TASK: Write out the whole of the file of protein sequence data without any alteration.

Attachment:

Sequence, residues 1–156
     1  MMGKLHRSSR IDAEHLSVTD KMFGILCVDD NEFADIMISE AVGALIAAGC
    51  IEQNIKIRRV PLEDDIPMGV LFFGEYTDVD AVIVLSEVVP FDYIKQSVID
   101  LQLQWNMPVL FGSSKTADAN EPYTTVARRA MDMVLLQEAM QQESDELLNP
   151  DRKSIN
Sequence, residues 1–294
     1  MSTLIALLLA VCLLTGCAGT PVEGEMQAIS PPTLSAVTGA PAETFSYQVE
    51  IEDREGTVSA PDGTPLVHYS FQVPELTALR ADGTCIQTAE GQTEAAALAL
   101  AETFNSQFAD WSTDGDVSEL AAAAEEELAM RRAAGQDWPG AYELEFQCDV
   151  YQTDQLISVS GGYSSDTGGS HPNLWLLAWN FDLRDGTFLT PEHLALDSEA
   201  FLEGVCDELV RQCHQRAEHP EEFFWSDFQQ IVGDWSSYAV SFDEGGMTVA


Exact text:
Sequence, residues 1–156
     1  MMGKLHRSSR IDAEHLSVTD KMFGILCVDD NEFADIMISE AVGALIAAGC
    51  IEQNIKIRRV PLEDDIPMGV LFFGEYTDVD AVIVLSEVVP FDYIKQSVID
   101  LQLQWNMPVL FGSSKTADAN EPYTTVARRA MDMVLLQEAM QQESDELLNP
   151  DRKSIN
Sequence, residues 1–294
     1  MSTLIALLLA VCLLTGCAGT PVEGEMQAIS PPTLSAVTGA PAETFSYQVE
    51  IEDREGTVSA PDGTPLVHYS FQVPELTALR ADGTCIQTAE GQTEAAALAL
   101  AETFNSQFAD WSTDGDVSEL AAAAEEELAM RRAAGQDWPG AYELEFQCDV
   151  YQTDQLISVS GGYSSDTGGS HPNLWLLAWN FDLRDGTFLT PEHLALDSEA
   201  FLEGVCDELV RQCHQRAEHP EEFFWSDFQQ IVGDWSSYAV SFDEGGMTVA